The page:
Generally, house flipping takes the form of purchasing a house at a very low price, repairing it, and then selling it at an increased price (sometimes known specifically as fix and flip). This form of house flipping is called multiple investor housing flipping.
What multiple investor flipping generally entails is that a property is flipped at least twice by two different investors, with the initial investor generally paying below market price for the property.
Generally, buying a property from someone below market value means that it is being purchased at a loss for the seller, so it only occurs under very specialized circumstances. What this means is that the initial investor is generally purchasing the property due to a disadvantaged circumstance.
By purchasing the property for less than market value, it is generally guaranteed that the property can be turned around for a profit, which is what the initial investor in multiple investor flipping seeks to accomplish. This procedure implies that the sale it to a secondary investor, occurs generally at a gain (which, depending on the initial expenditure, does not have to meet market value.) flip multiple times but generally once it reaches its market value, it becomes difficult to keep flipping the house.
Though multiple investor house flipping can be perfectly legal when done ethically, it is often frowned upon in real estate circles for two very good reasons.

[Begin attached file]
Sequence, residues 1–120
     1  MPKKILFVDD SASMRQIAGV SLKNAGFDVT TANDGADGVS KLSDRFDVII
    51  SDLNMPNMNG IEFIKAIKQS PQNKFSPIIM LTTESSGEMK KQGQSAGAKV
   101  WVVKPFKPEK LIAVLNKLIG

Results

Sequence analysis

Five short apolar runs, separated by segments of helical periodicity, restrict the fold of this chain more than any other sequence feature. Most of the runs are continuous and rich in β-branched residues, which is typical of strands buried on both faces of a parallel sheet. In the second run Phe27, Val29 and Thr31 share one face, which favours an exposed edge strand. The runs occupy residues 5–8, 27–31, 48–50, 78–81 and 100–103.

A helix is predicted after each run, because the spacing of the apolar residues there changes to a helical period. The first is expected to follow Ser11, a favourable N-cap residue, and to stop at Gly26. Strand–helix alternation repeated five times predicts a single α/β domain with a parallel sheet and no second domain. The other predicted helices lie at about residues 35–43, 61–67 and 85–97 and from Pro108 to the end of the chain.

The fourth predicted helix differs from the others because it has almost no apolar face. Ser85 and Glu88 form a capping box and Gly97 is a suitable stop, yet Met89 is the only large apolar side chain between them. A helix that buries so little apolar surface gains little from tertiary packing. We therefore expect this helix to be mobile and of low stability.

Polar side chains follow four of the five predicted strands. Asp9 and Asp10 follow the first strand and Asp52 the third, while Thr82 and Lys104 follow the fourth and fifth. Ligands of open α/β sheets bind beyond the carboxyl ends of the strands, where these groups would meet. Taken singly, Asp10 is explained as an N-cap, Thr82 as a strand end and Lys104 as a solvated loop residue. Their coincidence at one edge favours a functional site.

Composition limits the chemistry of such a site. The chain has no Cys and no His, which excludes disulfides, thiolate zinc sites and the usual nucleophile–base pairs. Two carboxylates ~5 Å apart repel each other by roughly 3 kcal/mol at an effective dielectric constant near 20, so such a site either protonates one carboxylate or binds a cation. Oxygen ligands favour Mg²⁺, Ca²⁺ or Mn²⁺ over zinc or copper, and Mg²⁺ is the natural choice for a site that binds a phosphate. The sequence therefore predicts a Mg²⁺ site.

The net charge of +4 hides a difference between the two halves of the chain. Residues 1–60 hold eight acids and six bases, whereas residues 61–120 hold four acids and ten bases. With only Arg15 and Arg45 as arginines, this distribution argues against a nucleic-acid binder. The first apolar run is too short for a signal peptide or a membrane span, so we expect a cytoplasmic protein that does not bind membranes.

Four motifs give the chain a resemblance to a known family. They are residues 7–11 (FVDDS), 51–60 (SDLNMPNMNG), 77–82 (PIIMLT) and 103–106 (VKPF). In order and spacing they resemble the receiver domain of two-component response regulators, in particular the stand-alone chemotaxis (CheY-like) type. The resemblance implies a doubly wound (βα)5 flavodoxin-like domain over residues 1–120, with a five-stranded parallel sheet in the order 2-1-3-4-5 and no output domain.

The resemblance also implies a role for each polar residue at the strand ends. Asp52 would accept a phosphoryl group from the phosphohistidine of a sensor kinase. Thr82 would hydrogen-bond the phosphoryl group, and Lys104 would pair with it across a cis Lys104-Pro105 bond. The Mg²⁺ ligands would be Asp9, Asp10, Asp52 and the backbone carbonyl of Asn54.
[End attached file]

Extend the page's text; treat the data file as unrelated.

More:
Secondly, multiple investor house flipping generally forms the basis of some of the more common forms of “fraudulent flipping.” Then, sometimes with the help of a corrupt appraiser and loan officer, they will inflate the value of the property and sell it to a third buyer (in essence, the “mark”), usually and individual without means to support a mortgage, who will take out a loan for the inflated price to buy the property. The two investors pay off the first loan, ultimately paying very little out of pocket, and making a substantial profit.
To remedy this fraudulent practice, legislation was passed in 2006 which guaranteed a 90 day window of ownership, which must be observed before a property could then be eligible for a Federal Homeowners Association approved loan. This form legislation effectively minimized the potential for this form of fraud, and drastically diminished multiple investor house flipping.